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Astoria, or, anecdotes of an enterprise beyond the

Washington Irving

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Book Excerpt: 
. . .Further remonstrances only provoked taunting replies and sharp altercations. The day passed away without any signs of hostility, and at night the captain retired as usual to his cabin, taking no more than the usual precautions.

On the following morning, at daybreak, while the captain and Mr. M'Kay were yet asleep, a canoe came alongside in which were twenty Indians, commanded by young Shewish. They were unarmed, their aspect and demeanor friendly, and they held up otter-skins, and made signs indicative of a wish to trade. The caution enjoined by Mr. Astor, in respect to the admission of Indians on board of the ship, had been neglected for some time past, and the officer of the watch, perceiving those in the canoe to be without weapons, and having received no orders to the contrary, readily permitted them to mount the deck. Another canoe soon succeeded, the crew of which was likewise admitted. In a little while other canoes came off, and Indians were soon clambe. . . Read More

Community Reviews

Perhaps this was a commercial hack job - but it was a commercial hackjob written by one of my favorites and it covers life in early 19th century Northwestern America like nothing I've come across yet. Irving and his nephew had massive access to journals and materials relating to John Jacob Astor's f

Over the Rocky mountains, up and down the Missouri and Columbia rivers, Indian trade and treachery, shipwrecks and starvation, the cold, cold winters, the desolate plains, and the dreaded grizzly bear--this story follows a group of American pioneers shrugging off hardships of every kind to strike it

4.5 Amazing true adventure story of the American west/Pacific Northwest, pre-Oregon trail. Found myself favoring first, the seafaring expedition, and then the overland voyage. In awe of the experiences these people suffered and survived, or not. Bedrock of America.

I don’t think I ever would have encountered Astoria if not for Edgar Allan Poe’s review of it, which I read several years ago. Astoria’s influence on Poe seems most obvious in The Journal of Julius Rodman, but there are also a couple of scenes in The Narrative of Arthur Gordon Pym of Nantucket that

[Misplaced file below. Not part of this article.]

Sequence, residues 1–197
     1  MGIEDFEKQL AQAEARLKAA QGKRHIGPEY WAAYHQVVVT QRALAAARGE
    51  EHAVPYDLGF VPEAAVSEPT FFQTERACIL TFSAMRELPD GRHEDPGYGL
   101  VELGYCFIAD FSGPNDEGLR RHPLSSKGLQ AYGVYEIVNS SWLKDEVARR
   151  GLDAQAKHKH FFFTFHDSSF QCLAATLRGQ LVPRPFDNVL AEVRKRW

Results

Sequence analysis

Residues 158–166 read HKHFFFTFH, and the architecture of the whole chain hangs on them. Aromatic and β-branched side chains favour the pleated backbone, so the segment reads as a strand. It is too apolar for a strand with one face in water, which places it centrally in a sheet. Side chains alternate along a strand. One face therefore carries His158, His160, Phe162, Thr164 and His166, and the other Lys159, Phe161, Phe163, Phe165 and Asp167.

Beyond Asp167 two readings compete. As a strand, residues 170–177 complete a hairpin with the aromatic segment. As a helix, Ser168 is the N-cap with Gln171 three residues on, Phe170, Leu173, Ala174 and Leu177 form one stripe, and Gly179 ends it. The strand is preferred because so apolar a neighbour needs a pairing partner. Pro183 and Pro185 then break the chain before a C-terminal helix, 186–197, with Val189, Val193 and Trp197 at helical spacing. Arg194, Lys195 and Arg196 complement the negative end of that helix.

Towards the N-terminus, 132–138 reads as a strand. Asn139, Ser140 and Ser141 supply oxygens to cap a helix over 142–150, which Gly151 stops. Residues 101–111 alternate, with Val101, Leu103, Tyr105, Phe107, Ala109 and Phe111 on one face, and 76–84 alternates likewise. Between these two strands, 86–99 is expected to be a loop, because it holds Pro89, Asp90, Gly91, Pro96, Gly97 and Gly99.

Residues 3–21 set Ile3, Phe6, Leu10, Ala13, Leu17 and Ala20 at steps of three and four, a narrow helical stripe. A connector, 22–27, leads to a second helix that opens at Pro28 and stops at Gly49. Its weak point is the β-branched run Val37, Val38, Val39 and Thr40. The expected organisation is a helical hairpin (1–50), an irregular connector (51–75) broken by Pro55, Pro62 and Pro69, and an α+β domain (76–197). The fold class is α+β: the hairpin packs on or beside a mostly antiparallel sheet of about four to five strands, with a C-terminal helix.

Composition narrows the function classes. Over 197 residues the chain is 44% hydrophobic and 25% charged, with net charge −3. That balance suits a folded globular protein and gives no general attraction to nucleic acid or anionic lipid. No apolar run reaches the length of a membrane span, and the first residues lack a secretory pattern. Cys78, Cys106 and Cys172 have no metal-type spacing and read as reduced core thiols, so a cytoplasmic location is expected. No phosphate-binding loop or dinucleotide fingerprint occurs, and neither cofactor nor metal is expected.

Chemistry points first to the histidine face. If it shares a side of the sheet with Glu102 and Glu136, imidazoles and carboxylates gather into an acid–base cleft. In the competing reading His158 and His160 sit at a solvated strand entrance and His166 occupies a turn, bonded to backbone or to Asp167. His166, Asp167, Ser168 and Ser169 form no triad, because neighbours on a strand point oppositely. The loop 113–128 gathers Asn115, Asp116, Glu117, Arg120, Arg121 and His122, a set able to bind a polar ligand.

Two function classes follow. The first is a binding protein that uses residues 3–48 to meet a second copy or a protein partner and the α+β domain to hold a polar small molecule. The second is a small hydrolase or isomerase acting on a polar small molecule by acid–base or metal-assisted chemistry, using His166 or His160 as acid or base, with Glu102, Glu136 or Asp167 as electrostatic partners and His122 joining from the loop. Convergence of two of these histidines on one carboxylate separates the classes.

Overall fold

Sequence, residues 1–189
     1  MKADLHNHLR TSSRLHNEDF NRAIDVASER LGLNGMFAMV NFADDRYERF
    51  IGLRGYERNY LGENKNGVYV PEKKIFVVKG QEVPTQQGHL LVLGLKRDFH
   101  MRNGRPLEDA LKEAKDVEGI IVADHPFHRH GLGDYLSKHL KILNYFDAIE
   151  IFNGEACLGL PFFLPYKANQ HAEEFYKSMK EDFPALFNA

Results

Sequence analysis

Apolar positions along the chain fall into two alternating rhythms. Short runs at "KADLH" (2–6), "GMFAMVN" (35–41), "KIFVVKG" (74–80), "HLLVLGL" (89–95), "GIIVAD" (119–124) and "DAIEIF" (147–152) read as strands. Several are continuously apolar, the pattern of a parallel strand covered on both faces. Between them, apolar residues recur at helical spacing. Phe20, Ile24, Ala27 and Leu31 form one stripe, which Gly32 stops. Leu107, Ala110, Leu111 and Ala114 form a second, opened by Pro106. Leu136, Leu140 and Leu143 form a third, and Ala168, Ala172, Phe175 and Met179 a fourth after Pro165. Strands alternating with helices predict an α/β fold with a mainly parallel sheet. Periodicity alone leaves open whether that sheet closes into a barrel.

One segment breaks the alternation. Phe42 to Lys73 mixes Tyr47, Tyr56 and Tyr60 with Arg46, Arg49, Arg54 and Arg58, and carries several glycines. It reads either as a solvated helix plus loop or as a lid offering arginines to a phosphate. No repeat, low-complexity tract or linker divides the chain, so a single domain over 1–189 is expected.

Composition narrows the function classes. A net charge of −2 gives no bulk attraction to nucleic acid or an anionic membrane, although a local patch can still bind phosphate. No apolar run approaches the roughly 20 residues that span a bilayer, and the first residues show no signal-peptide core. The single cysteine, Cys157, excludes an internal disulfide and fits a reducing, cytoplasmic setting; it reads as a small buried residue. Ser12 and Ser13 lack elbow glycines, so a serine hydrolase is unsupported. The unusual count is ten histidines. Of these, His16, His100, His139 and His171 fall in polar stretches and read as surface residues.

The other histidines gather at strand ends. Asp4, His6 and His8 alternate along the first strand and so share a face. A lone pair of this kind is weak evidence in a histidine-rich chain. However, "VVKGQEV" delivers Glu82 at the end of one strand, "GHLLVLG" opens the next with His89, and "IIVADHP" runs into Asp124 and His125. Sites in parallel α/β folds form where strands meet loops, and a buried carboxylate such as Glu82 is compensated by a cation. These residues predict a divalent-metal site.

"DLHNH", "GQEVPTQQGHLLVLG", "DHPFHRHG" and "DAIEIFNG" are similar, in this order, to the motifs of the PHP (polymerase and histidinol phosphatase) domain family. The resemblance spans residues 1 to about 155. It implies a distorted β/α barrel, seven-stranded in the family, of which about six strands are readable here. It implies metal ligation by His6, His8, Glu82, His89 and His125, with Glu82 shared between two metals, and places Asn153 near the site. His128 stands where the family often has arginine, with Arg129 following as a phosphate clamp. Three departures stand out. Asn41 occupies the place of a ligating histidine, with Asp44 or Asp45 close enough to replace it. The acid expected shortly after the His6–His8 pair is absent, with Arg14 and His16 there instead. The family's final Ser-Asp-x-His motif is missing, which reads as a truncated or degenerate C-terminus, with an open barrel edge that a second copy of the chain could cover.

A lot of info from "Astoria: John Jacob Astor and Thomas Jefferson's Lost Pacific Empire: A Story of Wealth, Ambition, and Survival" by Peter Stark (which I really liked) came from this by Washington Irving. You should probably read it, like I did, as follow up supplemental material to Stark's book.

This is a great resource for a hisotry paper I am writing as I beging my graduate work. While it took me some time and I often had to read a few pages over again, once I foused this was interesting to see how indivduals lived in what seems, such a long time ago.

"Why are you reading an obscure work by Washington Irving?" a friend asked me. I read it as a followup to Peter Stark's 2016 JOHN JACOB ASTOR AND THOMAS JEFFERSON'S LOST PACIFIC EMPIRE: A STORY OF WEALTH, AMBITION, AND SURVIVAL which I found very interesting.

Part of that interest is that it descri

I ran across this book in the visitor center bookshop at Sunnyside, Washington Irving's home on the Hudson River near Tarrytown, NY. We connect Irving with Rip Van Winkle, Diedrich Knickerbocker, and Spanish stories, so I was surprised he had written anything about the Pacific Northwest. Having visi

I absolutely LOVED this book! Such a fascinating time in history, and gave me so much food for thought!

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